The eeriness that underscores Hartnett's Wilful Blue is even more prevalent in this grittier novel, also set in rural Australia. From the very beginning, readers will sense an unnatural aura surrounding the Willow family and the desolate land where they live. Isolated from townspeople, brutalized by their father and ignored by their unstable mother, the five Willow children (some of them grown) run the farm as well as a dilapidated caravan park, a place guests never visit twice. Yearning for but fearing freedom, the children remain a tightly closed clique until Oliver, the youngest boy, shares family secrets with one of the caravan tenants, an artist, who has become infatuated with Oliver's 23-year-old sister. The first chapter's grisly images of snarling dogs, butchered sheep and incestuous acts foreshadow the series of bizarre events that spiral toward a tragic conclusion involving the murder of the most sensitive and talented member of the family. Both fascinating and disturbing, this chilling story reveals how morality can be twisted by obsessive family loyalty. Ages 13-up. (Sept.)
The ALAN Review
- John H. Bushman
Powerful, ravaging, disturbing - all words that characterize Sleeping Dogs. The Willow family - Edward, Michelle, Jordan, Oliver, and Speck, the children; Griffin and Grace, the parents - live on a farm which also houses a dilapidated trailer park. The family is ruthlessly controlled by Griffin, who has turned his wife into a non-person who sits and caresses her white porcelain tea pot. He also physically abuses his son Jordan. A visitor to the farm learns of the tragedies that are there - one even more dreadful than physical abuse - and threatens to make them public. The family needs to protect itself and sets out to do just that. The book, especially the last thirty pages, keeps the reader riveted. Hartnett takes on a powerful theme and subtly explodes the shocking truth found in some parts of our society. The book is appropriate for mature readers.
School Library Journal
Gr 9 Up-Peek into the insular Down Under world of a family of hardscrabble farmers who operate a caravan park (campground) on the side. Griffin Willow is a domineering, alcoholic, abusive patriarch who intimidates his offspring into shunning the outside world. Grace, his wife, has withdrawn from life after bearing five children. Edward is titular head and eldest of the sibs; beautiful Michelle, 23, has an incestuous relationship with her ``mentally different'' younger brother, Jordan, 20, a talented artist who is regularly and viciously beaten by Griffin. Oliver, 15, harbors futile dreams of escape to college; and Jennifer, 14, is the lost child. Arriving at the campground, Bow Fox, a landscape artist looking for scenes to paint, intrudes. Through bizarre, disconnected bits of dialogue and events, character traits of the protagonists and the facts about the family are subtly revealed to Bow and to readers. Fearing that Bow will inform Griffin about the incest, the sibs hatch a plot to rid themselves of the stranger that capitalizes on his fear of dogs. In the cataclysmic climax, the revelatory note Bow delivers to Griffin drives the man to shoot and kill Jordan. The ironic denouement leaves Bow Fox wishing the family well, unaware of the havoc he has wreaked. Which sleeping dog should have been left to lie? Griffin? Bow, the catalyst of all the carnage amidst the ugliness and chaos? Jordan and Michelle, whose behavior has broken taboos? Or even young Oliver, who let slip the secret because he so desperately wanted to have a friend? This weird tale of one disturbed family is as hot and dry as Kristy Gunn's Rain (Atlantic Monthly, 1995) was sopping wet, and is equally chilling. It is bleak, stark, and offers no hope for a better tomorrow.-Joel Shoemaker, Southeast Jr. High School, Iowa City, IA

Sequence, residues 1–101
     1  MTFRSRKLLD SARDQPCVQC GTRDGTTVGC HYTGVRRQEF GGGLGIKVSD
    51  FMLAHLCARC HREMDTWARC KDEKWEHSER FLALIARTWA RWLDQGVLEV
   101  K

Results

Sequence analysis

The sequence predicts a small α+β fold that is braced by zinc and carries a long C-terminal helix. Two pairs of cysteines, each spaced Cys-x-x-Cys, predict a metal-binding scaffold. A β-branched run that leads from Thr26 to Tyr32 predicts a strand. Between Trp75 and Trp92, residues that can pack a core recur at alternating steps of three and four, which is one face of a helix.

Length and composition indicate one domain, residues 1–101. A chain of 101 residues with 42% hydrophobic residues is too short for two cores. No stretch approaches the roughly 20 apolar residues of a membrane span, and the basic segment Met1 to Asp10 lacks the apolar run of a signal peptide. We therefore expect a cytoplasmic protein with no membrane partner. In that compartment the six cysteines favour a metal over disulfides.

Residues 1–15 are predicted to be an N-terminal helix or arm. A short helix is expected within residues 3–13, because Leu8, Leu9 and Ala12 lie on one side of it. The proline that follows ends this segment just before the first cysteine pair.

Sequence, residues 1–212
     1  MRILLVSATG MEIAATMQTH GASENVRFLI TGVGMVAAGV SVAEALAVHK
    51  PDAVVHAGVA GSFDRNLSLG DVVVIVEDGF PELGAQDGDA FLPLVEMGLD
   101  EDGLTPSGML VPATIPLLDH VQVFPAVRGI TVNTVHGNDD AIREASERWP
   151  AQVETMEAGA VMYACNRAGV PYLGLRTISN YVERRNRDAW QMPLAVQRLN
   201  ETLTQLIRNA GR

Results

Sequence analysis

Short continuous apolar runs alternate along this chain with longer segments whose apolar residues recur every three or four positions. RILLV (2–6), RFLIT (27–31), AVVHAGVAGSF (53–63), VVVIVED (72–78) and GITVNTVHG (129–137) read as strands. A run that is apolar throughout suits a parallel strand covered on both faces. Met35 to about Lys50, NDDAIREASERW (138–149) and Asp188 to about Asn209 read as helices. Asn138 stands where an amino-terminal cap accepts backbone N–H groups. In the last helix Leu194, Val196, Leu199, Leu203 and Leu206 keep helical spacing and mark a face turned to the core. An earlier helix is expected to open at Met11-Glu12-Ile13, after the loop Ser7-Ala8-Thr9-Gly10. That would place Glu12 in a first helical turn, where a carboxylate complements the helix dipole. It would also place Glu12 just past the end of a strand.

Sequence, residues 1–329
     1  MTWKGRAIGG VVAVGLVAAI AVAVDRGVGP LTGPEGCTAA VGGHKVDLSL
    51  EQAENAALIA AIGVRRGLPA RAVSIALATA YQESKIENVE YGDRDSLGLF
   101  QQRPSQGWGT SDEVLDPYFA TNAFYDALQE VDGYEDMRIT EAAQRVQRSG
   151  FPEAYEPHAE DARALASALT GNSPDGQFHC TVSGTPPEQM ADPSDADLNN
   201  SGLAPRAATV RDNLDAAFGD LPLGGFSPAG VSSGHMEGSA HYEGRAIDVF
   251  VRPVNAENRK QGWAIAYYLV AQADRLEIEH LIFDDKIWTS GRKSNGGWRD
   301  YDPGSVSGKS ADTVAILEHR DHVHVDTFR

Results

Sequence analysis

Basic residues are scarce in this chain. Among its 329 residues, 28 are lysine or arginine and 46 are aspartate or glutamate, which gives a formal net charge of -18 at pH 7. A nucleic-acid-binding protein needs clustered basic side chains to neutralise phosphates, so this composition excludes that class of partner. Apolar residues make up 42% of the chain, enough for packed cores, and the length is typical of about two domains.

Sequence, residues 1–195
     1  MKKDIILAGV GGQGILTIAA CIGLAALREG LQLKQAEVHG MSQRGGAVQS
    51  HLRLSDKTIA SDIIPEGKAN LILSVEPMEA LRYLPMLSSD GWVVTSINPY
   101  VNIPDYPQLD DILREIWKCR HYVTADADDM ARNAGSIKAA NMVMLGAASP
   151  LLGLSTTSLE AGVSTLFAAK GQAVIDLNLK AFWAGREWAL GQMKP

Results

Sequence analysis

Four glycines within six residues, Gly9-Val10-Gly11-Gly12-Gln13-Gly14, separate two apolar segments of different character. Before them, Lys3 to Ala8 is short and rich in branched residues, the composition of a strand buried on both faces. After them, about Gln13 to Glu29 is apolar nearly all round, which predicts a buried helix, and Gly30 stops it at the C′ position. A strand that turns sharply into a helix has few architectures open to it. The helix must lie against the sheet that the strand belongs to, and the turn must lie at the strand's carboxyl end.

Hartnett's disturbing but beautifully written novel of incest and murder is for mature readers only. The misanthropic, sadistic father of five children, ages 12 to 25, Griffin Willow runs a trailer park on his dilapidated farm in rural Australia. Isolated from all outside influences, even the neighboring small town, the Willow family has created its own oppressive, sheltered, and decaying world. Despite abuse from their father and a silent, withdrawn mother, all five children live at home and help run the trailer park. Twenty-three-year-old Michelle and her younger brother Jordan have found solace in an incestuous relationship, which they carefully conceal from their parents. When Bow Fox, an itinerant artist, comes to stay at the park, their 15-year-old brother, Oliver, accidently reveals their secret. So begins an agonizing, irreversible progression of violence and betrayal. Told entirely in the present tense, the spare but eloquent prose softens the horror of the plot, while it inexorably pulls the reader toward the terrible conclusion. Although the violence is never gratuitous, and the sex is only implied, the powerful narrative and horrific yet believable story leave the reader stunned and empty. Hartnett captures the savage, fierce emotions of a family twisted in a miserable net of their own making.